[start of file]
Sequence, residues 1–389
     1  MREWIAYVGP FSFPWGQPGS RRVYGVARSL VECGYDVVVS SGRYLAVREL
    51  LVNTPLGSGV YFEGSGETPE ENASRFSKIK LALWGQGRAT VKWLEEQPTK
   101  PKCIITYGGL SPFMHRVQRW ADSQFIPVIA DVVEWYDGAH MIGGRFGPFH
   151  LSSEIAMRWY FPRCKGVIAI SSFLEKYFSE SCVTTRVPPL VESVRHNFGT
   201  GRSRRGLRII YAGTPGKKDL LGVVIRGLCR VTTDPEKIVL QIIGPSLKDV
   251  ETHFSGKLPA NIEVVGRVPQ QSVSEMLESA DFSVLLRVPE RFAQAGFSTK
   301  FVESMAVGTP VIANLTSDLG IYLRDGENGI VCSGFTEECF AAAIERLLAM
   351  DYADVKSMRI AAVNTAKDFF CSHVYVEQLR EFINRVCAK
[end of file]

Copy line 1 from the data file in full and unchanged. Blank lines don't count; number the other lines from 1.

Sequence, residues 1–389